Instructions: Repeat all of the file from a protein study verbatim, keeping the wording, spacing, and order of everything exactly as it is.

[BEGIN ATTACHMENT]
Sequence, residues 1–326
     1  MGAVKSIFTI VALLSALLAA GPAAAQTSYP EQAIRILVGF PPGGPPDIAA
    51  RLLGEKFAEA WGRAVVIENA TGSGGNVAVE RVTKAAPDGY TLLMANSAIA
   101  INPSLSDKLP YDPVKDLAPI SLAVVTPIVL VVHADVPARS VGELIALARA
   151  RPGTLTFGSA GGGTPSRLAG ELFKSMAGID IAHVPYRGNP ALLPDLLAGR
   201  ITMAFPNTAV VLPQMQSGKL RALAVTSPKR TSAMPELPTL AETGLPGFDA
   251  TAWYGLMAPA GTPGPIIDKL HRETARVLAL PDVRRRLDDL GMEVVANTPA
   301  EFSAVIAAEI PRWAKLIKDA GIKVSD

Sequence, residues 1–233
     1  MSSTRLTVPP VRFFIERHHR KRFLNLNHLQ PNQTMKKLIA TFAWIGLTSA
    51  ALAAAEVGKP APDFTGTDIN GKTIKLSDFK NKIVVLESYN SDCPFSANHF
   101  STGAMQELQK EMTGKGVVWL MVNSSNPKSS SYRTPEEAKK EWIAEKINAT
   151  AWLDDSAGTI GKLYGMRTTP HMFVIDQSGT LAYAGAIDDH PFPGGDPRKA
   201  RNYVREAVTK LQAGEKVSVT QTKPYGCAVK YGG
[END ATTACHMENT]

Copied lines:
Sequence, residues 1–326
     1  MGAVKSIFTI VALLSALLAA GPAAAQTSYP EQAIRILVGF PPGGPPDIAA
    51  RLLGEKFAEA WGRAVVIENA TGSGGNVAVE RVTKAAPDGY TLLMANSAIA
   101  INPSLSDKLP YDPVKDLAPI SLAVVTPIVL VVHADVPARS VGELIALARA
   151  RPGTLTFGSA GGGTPSRLAG ELFKSMAGID IAHVPYRGNP ALLPDLLAGR
   201  ITMAFPNTAV VLPQMQSGKL RALAVTSPKR TSAMPELPTL AETGLPGFDA
   251  TAWYGLMAPA GTPGPIIDKL HRETARVLAL PDVRRRLDDL GMEVVANTPA
   301  EFSAVIAAEI PRWAKLIKDA GIKVSD

Sequence, residues 1–233
     1  MSSTRLTVPP VRFFIERHHR KRFLNLNHLQ PNQTMKKLIA TFAWIGLTSA
    51  ALAAAEVGKP APDFTGTDIN GKTIKLSDFK NKIVVLESYN SDCPFSANHF
   101  STGAMQELQK EMTGKGVVWL MVNSSNPKSS SYRTPEEAKK EWIAEKINAT
   151  AWLDDSAGTI GKLYGMRTTP HMFVIDQSGT LAYAGAIDDH PFPGGDPRKA
   201  RNYVREAVTK LQAGEKVSVT QTKPYGCAVK YGG